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The Right Climate for the Cheese Cave

Caves have been used to ripen cheeses due to the climate being the perfect environment to allow microbes to thrive. For our use-case, I'll be covering ideal temperature and humidity settings. There is more to your cave then these variables, but that is being saved for another article!

This article goes in a bit of detail on what you should be setting your "cave" at.

Disclaimer - Though I am an experienced dairy-cheesemaker turned 100% vegan-cheesemaker, I do not claim I am the expert in this field. I have undertaken the knowledge gained from hands-on experience, researching, consulting with hobbyists & professionals and more. However, my gospel is not finial. If you find any inaccuracies in these posts, please let me know as I and everyone else will genuinely appreciate it.

TL;DR: 9-15°c. 80-95% humidity.

Different types of microbes thrive better at certain climate conditions compared to others, and most bacteria become highly active at higher temperatures, but that is not always a good thing.

It is not always about microbes though as moisture in the air plays a role with how cheese wheels develop over the weeks and months.

Not Set In Stone

The right climate settings are not set in stone as ageing cheese is an art-form despite being surrounded by science.

As long as you understand the underlying science (I won't be going all scientific) of having the right climate, you will be able to tweak the variables to obtain different flavours, textures and aromas.

For example, some cheesemakers start ageing wheels at a higher temperature for several days to allow bacteria to become active and rapidly eat and let off extra carbon dioxide. Then the wheels are ripened at lower temperatures inline with the "norm" for the remainder of their time to develop and mature.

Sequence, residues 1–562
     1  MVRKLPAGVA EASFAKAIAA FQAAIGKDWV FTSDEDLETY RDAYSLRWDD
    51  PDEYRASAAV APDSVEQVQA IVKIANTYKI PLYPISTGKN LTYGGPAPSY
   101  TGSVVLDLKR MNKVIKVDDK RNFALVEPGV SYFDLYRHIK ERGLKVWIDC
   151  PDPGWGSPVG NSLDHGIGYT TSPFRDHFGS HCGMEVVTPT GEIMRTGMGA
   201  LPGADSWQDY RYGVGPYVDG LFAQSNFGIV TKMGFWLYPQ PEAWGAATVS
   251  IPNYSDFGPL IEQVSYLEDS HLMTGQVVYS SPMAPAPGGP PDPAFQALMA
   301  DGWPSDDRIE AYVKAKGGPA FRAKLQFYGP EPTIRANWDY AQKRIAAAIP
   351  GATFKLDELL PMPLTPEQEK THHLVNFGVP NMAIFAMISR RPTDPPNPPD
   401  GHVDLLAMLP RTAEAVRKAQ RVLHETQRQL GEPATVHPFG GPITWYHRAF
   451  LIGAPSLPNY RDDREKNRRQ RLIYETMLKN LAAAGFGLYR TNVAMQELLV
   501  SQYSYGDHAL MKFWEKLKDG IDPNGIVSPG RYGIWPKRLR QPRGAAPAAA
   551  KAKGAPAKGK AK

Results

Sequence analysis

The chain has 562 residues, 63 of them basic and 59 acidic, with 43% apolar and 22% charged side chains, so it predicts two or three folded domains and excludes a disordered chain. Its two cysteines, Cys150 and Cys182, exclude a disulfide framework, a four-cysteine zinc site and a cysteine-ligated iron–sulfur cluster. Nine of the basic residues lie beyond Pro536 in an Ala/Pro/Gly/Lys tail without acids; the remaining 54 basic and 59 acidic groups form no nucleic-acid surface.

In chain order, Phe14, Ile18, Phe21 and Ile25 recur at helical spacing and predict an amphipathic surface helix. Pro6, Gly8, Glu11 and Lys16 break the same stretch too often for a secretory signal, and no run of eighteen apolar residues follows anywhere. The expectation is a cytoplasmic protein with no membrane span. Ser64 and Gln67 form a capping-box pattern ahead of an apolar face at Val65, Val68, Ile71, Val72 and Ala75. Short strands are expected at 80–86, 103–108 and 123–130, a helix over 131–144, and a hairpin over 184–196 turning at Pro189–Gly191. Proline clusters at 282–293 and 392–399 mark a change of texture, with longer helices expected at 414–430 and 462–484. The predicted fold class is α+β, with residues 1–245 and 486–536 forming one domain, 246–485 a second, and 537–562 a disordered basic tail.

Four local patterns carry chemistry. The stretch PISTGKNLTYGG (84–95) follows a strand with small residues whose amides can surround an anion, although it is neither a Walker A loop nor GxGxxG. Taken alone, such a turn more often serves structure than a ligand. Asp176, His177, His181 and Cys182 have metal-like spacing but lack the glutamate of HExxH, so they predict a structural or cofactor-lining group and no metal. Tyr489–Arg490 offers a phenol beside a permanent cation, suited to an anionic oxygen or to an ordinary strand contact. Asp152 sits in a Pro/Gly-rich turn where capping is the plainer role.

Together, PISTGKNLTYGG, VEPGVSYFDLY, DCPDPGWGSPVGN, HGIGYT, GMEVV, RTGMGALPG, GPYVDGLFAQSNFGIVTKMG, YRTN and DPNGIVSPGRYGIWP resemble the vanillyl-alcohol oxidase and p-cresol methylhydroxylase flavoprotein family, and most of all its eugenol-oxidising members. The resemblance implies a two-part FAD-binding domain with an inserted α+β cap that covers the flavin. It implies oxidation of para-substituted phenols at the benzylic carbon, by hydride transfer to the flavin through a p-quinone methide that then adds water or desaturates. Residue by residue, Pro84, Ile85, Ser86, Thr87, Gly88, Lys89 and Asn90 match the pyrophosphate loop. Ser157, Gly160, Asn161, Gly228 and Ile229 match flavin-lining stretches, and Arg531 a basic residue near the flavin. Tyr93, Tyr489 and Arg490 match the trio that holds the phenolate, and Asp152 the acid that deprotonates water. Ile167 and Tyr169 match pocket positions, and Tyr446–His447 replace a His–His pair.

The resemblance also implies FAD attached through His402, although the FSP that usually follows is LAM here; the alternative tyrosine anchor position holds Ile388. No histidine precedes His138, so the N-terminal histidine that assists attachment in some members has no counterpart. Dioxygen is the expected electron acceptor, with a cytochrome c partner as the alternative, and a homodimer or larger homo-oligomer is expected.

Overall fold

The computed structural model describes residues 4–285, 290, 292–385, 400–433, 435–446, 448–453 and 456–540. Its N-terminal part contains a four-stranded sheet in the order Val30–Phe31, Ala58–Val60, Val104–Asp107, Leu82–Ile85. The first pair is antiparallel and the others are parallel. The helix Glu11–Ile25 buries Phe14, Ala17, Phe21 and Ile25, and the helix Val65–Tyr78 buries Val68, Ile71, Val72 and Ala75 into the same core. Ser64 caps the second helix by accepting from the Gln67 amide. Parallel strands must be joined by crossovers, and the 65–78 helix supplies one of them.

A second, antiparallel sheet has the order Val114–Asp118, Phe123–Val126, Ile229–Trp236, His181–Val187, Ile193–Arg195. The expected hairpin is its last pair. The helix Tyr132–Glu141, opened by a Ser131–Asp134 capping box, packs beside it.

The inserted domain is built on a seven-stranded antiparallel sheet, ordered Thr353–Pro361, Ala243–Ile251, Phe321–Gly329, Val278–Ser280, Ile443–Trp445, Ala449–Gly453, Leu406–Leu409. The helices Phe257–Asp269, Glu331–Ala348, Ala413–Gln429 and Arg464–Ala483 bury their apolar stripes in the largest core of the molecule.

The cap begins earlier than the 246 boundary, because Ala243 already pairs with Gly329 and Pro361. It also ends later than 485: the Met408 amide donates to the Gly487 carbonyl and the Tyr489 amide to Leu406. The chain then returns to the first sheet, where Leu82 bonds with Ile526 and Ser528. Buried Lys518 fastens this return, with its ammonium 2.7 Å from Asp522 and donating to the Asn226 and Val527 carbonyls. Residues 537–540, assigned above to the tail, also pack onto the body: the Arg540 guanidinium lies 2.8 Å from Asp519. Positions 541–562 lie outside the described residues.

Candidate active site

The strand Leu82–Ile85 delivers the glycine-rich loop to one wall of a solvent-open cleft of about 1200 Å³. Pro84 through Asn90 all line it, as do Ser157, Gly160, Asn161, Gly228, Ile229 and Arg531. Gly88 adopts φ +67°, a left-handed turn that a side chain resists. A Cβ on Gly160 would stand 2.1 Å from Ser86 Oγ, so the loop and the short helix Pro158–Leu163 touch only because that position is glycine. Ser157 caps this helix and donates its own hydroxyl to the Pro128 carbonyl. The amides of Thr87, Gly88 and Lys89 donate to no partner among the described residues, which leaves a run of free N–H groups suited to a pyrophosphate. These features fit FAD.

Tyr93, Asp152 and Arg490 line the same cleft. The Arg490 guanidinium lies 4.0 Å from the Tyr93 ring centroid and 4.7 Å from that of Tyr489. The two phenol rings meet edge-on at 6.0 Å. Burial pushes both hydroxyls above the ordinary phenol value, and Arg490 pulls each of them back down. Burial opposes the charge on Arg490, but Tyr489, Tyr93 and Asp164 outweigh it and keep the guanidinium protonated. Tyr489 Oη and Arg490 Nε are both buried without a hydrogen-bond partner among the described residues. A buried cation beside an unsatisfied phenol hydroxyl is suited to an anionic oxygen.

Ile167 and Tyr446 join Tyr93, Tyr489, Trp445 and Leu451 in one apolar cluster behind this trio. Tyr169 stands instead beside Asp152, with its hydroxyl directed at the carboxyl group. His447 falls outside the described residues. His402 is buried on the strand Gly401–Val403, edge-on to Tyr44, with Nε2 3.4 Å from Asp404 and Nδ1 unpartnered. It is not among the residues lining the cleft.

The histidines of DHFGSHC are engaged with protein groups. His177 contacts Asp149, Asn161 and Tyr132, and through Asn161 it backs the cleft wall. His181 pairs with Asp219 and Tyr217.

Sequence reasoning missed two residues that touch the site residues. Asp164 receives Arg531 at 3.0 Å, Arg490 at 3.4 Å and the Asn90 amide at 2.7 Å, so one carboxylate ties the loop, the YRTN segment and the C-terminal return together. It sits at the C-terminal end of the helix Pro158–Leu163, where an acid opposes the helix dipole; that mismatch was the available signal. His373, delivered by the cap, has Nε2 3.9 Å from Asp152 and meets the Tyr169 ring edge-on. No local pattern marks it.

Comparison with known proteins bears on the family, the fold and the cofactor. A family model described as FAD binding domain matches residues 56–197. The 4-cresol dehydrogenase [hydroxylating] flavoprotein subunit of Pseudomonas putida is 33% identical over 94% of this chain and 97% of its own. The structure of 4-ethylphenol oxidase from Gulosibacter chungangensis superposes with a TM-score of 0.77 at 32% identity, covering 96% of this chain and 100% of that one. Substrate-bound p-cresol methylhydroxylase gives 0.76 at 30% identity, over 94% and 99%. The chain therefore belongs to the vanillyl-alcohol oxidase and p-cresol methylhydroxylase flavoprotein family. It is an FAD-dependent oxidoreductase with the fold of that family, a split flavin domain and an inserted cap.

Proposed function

Depending on the tyle of bacteria and the variables involves, this type of varying climates creates different overtones of flavour and large "eyes" or holes in the wheels.

So, carrying on reading but remember you can play around with the climate to obtain something that suits you.

Average Recommended Temperature

Easy one - Between 9-15°c.

If the temperature is too low, the cultures will be less active or inactive and won't do their job.

Too high (and if they are the wrong type of bacteria or if not kept in check) and the microbes will tend to overdevelop and create "off" flavours. The chance of bad bacteria developing is also possible.

A general rule of thumb is to have a low temperature so the cheese can age slowly. Long and slow-maturing develop better flavours and textures.

Minimum Humidity/Moisture Level

The minimum is 80%. 

Moisture is required to ensure the cheese does not dry out, cracking, etc. All bad things.

The exact moisture level is depending on the type of cheese you are developing.

Mold-ripened cheese must have a humidity level of 90-95% so the mold can thrive and grow. Though it can grow at lower levels, more often then not, this can be another strain of a similar-looking mold, or because the mold needed is taking too long to develop, another airborne bacteria can latch on and infect the cheese.

Other cheese types would usually be "natural" rinded cheese, clothbound cheese or waxed cheese.

The first two would thrive in an environment below 90%. This would still be over 80%. Depending on the cheese type and your skill level, too high of moisture will impede rind develop and entice unwanted microbes to develop on the cheese. A wet cheese wheel is a bad thing.

What is My Cheese Cave Set At

For my small wheels (Original Sharp & Smoked): 12-15°c at 80% humidity.

For my large wheels in my custom built cheese-cave room (Verdure-mead): 9-13°c at 91% humidity.

As noted at the start of this article; there is more factors to the cheese cave than just the temperature and humidity, but that is for another article!

Continue reading

Overview of Type of Vegan Cheesemaking Techniques

The Right Packaging for Cheese (for producers)